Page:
I’m fortunate enough to own a couple of excellent quality prints of Crossbasket Castle. One of these is particularly interesting and in such incredible resolution, that it permits good zooming in on features that may have previously been missed.
This 1870 photo shows Crossbasket Castle at the time James Clark, merchant of Glasgow owned it. During this year, James was actually away from Crossbasket on a 4 year trip to Australia, leaving behind his teenage daughters.
A few years earlier on 30th April 1863, his beloved wife Agnes, died whilst at Crossbasket at only 39 years old. James never really got over this tragedy, and the event denied the children growing up with their mother. Perhaps to overcome his grief, he left on his voyage to the other side of the world in 1867. Now, lets get back to the photo.
There, in the arched upper window, is a ghostly figure, which looks like a woman, bent over knitting or doing crochet with her hands. Could the photographer have captured a Crossbasket ghost on camera? This suggestion and picture has never been put forth to anybody either verbally or in writing before this time. Of course, it may simply be one of the little Misses Clark, wondering what was going on down below.
However, keep this in mind. It was 1870. James Clark was abroad, leaving the four daughters aged between 10 and 18 either looked after by a governess, or perhaps their elder brothers? Maybe, just maybe this was the late Agnes Clark (nee Barclay), James’s 2nd wife, in the window, back to look over the safety of her children, gazing down on the river spot she was so fond of? She had died only a few years previous and these upper bedrooms in the new extension would have been the bedrooms of the family, rather than servants. Indeed, that particular room is one of the most commodious bedrooms in the house. It was then, just as it is now in the 2015 renovation. At the time, there were no trees this height or in front of the building that could have caused this reflection. Indeed, the area was hugely open.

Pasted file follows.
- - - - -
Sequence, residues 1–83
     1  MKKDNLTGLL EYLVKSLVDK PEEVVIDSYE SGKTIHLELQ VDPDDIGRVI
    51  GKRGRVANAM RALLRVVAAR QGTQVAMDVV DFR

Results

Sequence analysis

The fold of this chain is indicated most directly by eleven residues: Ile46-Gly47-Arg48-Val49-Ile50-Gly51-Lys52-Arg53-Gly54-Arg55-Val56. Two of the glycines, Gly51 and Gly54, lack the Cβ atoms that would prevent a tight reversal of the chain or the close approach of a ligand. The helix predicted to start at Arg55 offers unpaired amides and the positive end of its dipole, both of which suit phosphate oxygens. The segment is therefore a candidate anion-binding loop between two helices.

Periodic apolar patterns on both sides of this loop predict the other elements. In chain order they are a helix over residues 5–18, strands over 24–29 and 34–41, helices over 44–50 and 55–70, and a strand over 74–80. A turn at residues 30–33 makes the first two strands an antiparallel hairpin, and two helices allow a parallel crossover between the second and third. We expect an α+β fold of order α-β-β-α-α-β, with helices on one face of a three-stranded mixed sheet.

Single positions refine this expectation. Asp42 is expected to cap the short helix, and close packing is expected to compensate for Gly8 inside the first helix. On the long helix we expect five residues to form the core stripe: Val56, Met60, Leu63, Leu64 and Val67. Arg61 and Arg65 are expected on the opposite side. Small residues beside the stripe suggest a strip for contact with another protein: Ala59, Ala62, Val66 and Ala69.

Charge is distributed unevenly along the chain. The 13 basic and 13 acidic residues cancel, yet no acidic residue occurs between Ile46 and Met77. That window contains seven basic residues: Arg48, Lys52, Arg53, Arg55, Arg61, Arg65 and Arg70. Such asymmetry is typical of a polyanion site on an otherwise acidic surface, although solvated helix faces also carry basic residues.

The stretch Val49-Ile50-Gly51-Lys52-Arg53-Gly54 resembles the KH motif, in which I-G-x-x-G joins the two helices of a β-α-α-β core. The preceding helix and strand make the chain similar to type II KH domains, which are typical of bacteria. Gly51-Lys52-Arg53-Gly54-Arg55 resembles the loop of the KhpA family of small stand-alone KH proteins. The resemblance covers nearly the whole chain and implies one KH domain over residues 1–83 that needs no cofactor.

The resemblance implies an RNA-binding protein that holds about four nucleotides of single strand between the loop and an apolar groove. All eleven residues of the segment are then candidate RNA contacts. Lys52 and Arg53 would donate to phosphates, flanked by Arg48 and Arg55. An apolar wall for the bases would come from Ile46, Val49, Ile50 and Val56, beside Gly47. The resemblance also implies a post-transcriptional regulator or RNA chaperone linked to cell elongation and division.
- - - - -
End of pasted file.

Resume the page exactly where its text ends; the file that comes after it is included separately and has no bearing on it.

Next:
Want to know more? The Book “The History of Crossbasket” by Paul Veverka is available on Amazon.co.uk